A&W Soda Lied To You About Aged Vanilla. Now You May Be Able To Cash In.

Attention root beer fans: There's been a settlement of a class action lawsuit against A&W Concentrate Company and Keurig Dr. Pepper, Inc. to the tune of $15 million. The companies have been found liable for deceiving customers with the labeling on A&W Root Beer and other cream sodas that reads, "Made With Aged Vanilla." In fact, scientific tests uncovered that the sodas contained primarily artificial vanilla flavoring called ethyl vanillin. 

The case, Sharpe v. A&W Concentrate Co., was first filed in the U.S. District Court in Eastern New York in August 2020 while preliminary approval for the settlement was given on June 5.  Anyone that may have purchased the product between February 7, 2016 and June 2, 2023 is possibly entitled to compensation, even without proof of purchase. 

For anyone without receipts, a maximum of $5.50 will be paid out, while anyone with receipts may be able to file a claim for up to $25 (accounting for the extra $0.50 added for each unit up to 39 units, if you're able to prove you bought that much over seven years). Claims can be submitted on the website once it goes live, and qualifying payments will be made via a one-time check or electronic payment.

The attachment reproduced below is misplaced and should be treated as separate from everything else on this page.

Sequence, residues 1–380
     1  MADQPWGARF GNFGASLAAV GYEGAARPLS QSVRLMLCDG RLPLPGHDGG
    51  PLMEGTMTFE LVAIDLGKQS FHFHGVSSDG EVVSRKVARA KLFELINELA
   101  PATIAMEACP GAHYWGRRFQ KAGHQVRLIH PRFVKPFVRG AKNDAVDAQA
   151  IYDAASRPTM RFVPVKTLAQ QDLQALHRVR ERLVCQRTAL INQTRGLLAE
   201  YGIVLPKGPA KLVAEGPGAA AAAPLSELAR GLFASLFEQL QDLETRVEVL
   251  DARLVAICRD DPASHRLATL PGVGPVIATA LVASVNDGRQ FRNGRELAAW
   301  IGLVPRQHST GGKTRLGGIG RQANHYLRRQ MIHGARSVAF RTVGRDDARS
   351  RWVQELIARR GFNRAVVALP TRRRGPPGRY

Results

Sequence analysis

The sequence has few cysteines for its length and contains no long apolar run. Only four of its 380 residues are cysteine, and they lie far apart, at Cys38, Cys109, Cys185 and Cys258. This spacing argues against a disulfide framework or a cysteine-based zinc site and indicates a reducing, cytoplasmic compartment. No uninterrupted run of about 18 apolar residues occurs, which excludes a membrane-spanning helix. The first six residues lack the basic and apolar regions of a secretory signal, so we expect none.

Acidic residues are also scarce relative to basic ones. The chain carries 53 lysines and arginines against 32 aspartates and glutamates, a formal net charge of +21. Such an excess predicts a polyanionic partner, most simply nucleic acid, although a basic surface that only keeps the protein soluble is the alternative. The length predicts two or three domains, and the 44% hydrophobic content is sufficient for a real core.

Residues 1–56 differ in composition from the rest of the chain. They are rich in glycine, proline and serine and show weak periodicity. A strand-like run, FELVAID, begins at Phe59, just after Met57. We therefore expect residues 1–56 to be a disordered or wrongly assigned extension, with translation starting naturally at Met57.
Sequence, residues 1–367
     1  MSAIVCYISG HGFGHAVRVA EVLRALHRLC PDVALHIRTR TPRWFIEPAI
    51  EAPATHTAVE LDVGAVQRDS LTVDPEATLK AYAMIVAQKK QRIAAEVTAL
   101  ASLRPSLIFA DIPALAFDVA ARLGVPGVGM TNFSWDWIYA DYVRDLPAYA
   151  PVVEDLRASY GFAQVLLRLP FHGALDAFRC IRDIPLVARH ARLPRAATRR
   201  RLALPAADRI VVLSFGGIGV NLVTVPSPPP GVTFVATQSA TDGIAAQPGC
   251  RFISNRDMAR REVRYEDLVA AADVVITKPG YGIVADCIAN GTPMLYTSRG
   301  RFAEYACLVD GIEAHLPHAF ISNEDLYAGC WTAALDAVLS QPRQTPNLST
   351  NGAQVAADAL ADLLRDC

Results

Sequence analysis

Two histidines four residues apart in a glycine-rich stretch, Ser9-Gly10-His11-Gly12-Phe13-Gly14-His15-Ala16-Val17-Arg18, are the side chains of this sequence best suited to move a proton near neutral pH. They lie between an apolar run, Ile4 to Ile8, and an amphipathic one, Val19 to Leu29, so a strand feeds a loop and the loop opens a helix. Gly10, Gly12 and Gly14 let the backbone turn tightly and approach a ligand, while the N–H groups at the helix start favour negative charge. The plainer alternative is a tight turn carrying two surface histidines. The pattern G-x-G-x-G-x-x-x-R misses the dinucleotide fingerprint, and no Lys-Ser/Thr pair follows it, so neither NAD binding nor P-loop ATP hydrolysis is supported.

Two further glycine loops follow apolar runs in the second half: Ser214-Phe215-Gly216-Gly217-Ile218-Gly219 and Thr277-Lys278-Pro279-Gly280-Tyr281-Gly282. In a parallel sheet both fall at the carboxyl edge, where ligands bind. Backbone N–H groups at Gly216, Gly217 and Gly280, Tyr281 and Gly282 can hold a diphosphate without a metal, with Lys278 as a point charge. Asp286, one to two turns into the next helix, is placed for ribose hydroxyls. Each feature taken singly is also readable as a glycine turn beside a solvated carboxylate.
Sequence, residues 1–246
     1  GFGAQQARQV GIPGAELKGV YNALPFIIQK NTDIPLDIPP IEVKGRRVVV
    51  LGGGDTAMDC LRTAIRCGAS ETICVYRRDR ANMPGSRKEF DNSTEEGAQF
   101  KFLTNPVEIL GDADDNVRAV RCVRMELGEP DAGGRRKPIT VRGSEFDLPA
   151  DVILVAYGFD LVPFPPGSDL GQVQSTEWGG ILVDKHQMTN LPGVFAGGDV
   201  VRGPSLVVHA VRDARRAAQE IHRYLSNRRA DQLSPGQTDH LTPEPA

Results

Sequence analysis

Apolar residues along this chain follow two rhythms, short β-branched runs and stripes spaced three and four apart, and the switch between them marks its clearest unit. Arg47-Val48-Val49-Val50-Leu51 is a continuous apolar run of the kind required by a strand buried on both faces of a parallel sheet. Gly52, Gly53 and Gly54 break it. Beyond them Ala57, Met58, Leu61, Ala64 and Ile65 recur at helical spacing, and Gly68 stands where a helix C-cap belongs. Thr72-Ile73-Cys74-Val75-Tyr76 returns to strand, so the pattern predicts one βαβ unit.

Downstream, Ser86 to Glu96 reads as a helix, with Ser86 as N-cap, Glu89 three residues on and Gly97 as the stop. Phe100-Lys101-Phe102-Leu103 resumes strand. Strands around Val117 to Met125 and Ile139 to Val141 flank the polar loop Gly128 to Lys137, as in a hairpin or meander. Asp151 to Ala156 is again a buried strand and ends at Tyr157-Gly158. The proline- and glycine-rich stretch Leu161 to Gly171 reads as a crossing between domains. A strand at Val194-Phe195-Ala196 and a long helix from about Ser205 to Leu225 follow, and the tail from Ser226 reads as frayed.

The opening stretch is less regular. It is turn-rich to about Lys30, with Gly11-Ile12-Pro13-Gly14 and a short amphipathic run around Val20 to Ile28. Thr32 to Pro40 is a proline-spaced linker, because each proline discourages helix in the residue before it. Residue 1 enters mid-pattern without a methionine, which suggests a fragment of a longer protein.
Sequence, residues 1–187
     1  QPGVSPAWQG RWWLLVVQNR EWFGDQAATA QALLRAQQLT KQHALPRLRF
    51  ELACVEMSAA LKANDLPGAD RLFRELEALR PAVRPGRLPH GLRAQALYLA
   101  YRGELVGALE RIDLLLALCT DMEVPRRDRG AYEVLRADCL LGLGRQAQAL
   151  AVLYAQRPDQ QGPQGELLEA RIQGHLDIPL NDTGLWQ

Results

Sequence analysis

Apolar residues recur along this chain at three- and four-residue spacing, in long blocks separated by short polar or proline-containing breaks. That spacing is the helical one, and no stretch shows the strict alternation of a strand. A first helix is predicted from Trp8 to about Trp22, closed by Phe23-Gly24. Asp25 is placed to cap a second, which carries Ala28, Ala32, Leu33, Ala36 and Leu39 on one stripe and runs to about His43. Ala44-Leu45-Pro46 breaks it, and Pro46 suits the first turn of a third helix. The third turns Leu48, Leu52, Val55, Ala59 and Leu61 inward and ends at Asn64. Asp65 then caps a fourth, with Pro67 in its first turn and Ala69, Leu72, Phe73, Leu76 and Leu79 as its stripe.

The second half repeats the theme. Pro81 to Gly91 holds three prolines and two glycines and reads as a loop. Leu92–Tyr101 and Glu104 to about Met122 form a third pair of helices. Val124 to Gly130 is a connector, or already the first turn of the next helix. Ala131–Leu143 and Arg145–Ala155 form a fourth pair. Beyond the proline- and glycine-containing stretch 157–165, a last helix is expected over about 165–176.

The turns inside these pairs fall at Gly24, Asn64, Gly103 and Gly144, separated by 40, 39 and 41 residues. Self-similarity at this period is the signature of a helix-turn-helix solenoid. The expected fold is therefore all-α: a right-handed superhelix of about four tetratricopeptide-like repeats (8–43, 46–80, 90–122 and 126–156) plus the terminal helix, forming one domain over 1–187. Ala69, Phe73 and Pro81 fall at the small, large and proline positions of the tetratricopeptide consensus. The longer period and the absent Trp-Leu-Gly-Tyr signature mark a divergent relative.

This isn't the first time manufacturers have been sued for false vanilla claims

As part of the approved settlement, the three plaintiffs in the Sharpe v. A&W Concentrate Co. case are seeking a payout of $5,000 each, while the case's counsel is seeking $7.83 million for the cost of their work and to pay experts involved in the lawsuit.

One of the lawyers involved with the A&W settlement is New York-based Spencer Sheehan who has earned himself the title of "Vanilla Vigilante" thanks to the fact that he has pursued over 100 cases against companies regarding deceptive labeling in relation to the use of vanilla. Sheehan has filed suits against food industry giants from Chobani and McDonald's to Trader Joe's and Blue Diamond. 

The reason that so many food producers may choose to use synthetic vanilla instead of pure concentrate in products from vanilla ice cream to coffee creamer is simple — the cost. It can cost up to 20 times more to produce natural vanilla than using a synthetic form.

It should be noted the Sharpe v. A&W Concentrate Co. suit does not include A&W Restaurants, but rather is focused on the separate manufacturers of the bottled and can beverages. A representative for the restaurant group told Today.com, "The root beer served in our restaurants is made fresh on site and has a slightly different formulation that what is served in retail bottles and cans. We do not make any claims regarding vanilla in our restaurant marketing."